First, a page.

The answer to your question will depend upon whether or not your son is listed as a dependent on your tax return, or the tax return of anyone else -- or is instead not a dependent, and thus still retains his own personal exemption.
If the former is true, then the answer is yes, he will have to file tax returns in both California and Oregon, given the dollar amount ($3,480) you indicate as his earned income. If the latter is true, then the answer is no, he will not have to file a tax return in either California or Oregon.
You (or he) can verify this conclusion for yourself by visiting the following California Franchise Tax Board website:
as well as the following Oregon Department of Revenue website:
Please read those pages in conjunction with the accompanying income charts.
If your son does need to file these state tax returns (because his income is above the filing threshold), then you should also know the following information.
As an Oregon resident, he is otherwise taxed on all of his income, worldwide, no matter what the source, by the state of Oregon. It is also a fact that income earned in California is considered "California-source" income; and so that requires paying taxes to California.
Normally, where a taxpayer has to pay taxes to two states on the same item of income (which often happens when a taxpayer lives in one state and has a wage-earning job in another state, for example), they are then allowed to take a tax credit on their home state return for taxes paid to the other state. Similarly, the same principles typically apply to non-wage taxation by more than one state.
However, Oregon and California have a "special" relationship agreement when it comes to interstate taxation. Instead of the usual method of claiming a state tax credit on the taxpayer's home state return, instead the tax credit here is claimed on the nonresident California return.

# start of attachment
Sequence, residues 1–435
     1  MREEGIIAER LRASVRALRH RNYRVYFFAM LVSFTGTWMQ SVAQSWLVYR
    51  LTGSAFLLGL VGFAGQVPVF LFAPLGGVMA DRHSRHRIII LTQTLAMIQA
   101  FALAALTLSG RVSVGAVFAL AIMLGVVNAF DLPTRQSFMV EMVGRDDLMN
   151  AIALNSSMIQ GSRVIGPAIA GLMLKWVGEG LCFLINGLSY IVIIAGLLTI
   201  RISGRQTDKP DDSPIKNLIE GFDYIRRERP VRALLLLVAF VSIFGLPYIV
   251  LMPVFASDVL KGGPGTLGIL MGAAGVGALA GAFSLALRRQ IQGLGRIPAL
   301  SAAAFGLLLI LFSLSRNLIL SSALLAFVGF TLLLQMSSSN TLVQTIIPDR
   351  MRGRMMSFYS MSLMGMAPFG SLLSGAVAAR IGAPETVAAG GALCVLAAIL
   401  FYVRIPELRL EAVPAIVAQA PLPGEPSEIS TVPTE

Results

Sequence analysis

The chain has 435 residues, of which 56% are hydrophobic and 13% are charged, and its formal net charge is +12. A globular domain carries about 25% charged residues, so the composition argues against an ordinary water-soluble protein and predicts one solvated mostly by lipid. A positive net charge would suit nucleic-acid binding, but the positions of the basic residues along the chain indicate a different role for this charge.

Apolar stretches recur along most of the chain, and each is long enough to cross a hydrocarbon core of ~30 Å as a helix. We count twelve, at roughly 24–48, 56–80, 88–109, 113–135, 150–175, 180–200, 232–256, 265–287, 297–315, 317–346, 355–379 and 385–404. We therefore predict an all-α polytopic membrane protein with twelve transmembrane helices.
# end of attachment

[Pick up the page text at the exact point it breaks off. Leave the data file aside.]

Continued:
While TurboTax can certainly compute this tax situation correctly, it can be tricky. The "ordering" sequence of state tax preparation is crucial. In order to apply the state tax credit correctly, for the double-taxed income, he would want to complete his federal return first, his Oregon resident return second, and then his California nonresident return third.
(Normally, the nonresident state tax return is completed first, before the resident state tax return . . . but not in the case of the two-state pairing of California and Oregon.)
Thank you for your attention, and for asking this important question.
Re: My son is an Oregon resident. He is a full time student in California and made $3480 in income at the school. Will he have to pay Oregon State income tax? And, also California income tax?
The general rule is: your report all your income on your home state return, even the income earned out of state. You file a non-resident state return for the state you worked in and pay tax to that state. Your home state will give you a credit, or partial credit, for what you paid the non-resident state. You will have to file a non resident CA state return and pay CA tax on the income earned there.. You will also file a OR full year resident return and calculate tax on ALL your income. OR will give you a credit, or partial credit, for the tax you pay CA. So, there will be little or no double taxation, but you have the cost and hassle of filing two state returns. Do the nonresident state return first.
Filing Requirements: https://ttlc.intuit.com/questions/2903200-do-i-need-to-file-a-state-return